Earth From Space: Quelccaya Ice Cap, Peru

©KARI/ESA

Quelccaya Ice Cap, Peru.

This image features Peru's Quelccaya ice cap, the largest in the Tropics. Resting high up in the Cordillera Oriental of the Peruvian Andes, the ice cap has been shrinking due to rising temperatures in the region, losing over 20% of its area since the 1970s.

Downstream communities rely on this water source for drinking and electricity in this dry region, but some estimates show that the ice cap will vanish in a matter of decades, draining the water supply for millions of people.

In the far upper-left corner of the image, we can see the Qori Kalis Glacier, the ice cap's main outlet. This glacier is retreating - and this retreat has accelerated in recent years - losing about 50% of its total length since the 1960s.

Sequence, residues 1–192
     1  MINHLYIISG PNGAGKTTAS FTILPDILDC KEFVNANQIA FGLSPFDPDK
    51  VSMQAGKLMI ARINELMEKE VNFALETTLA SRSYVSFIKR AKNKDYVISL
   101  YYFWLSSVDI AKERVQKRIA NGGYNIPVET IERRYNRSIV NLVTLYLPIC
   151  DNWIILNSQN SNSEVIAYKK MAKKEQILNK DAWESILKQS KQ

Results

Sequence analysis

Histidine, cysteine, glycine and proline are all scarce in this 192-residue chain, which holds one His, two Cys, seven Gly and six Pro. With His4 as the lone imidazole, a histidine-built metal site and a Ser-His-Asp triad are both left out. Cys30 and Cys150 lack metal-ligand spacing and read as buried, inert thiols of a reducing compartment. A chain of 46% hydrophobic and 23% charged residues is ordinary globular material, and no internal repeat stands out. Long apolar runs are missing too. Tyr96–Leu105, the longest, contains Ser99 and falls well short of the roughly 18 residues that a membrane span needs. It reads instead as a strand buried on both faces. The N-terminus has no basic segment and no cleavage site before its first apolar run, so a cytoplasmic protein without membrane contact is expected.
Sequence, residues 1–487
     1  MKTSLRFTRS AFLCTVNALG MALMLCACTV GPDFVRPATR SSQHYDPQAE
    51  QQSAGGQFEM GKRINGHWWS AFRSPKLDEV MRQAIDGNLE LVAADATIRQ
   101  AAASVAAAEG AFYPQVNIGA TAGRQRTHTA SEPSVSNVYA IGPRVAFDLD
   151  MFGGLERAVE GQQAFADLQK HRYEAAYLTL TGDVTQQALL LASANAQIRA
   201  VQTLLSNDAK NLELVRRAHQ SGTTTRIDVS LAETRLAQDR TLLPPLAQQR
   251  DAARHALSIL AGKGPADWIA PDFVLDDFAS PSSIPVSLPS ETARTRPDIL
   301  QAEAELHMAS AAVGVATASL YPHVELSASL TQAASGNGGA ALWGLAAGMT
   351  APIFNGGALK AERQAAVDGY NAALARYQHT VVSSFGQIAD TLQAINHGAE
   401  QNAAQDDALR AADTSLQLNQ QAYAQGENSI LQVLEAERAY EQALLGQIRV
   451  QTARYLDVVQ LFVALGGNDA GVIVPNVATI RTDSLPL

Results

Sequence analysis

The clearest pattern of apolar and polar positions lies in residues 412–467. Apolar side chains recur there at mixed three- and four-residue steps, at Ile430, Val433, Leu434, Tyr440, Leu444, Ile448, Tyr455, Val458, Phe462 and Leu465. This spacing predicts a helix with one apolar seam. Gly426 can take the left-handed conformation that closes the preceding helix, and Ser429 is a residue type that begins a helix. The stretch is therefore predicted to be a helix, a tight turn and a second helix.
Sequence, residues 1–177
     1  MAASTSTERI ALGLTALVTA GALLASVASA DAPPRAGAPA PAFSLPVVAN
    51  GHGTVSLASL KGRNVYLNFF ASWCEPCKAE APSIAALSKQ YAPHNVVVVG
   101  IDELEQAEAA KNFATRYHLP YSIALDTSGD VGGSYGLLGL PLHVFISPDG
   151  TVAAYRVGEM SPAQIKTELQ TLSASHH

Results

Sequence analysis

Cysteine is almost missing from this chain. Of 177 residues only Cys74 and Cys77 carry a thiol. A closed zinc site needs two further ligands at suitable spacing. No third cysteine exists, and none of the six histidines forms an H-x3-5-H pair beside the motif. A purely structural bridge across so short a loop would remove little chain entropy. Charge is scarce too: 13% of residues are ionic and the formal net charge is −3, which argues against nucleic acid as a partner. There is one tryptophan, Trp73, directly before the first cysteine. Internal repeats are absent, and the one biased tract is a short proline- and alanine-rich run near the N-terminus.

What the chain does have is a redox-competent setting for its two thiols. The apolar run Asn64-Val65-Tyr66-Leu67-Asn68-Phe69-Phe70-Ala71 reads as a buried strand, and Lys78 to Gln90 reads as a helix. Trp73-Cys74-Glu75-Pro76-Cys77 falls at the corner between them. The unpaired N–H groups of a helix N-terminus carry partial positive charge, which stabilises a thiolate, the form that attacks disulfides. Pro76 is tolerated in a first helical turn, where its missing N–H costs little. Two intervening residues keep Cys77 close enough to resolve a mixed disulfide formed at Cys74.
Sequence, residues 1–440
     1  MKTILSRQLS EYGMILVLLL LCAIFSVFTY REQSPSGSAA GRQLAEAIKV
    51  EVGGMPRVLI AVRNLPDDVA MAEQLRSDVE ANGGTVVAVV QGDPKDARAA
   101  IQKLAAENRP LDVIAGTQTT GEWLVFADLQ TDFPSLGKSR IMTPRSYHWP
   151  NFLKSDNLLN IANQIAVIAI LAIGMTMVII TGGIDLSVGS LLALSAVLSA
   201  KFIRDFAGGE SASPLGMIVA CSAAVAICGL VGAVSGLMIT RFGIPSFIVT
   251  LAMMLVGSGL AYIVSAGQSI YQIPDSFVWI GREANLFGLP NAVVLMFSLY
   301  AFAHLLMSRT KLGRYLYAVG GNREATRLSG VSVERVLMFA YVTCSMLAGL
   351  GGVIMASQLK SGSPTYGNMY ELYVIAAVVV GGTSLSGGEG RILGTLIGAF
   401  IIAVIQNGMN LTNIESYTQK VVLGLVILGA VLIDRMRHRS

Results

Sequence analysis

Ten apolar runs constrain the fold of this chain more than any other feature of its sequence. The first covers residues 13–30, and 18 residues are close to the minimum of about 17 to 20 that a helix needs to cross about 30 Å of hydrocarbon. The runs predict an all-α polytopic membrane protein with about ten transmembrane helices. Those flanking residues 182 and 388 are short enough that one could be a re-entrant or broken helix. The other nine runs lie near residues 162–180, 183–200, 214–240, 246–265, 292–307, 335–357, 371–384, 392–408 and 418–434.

As a result of the glacier's melting, a lake began to form in late 1980s and has grown over the years.

Other smaller lakes have also formed around the ice cap. Meltwater lakes are generally lighter in colour through the presence of fine particles produced by the grinding of the ice over bedrock - called 'rock flour'. When this 'flour' turns the water white or cloudy, it is referred to as 'glacial milk'.

The false-colour of this image makes vegetation appear bright red, and we can clearly see how vegetation grows mainly in the valleys and along the paths of water runoff.

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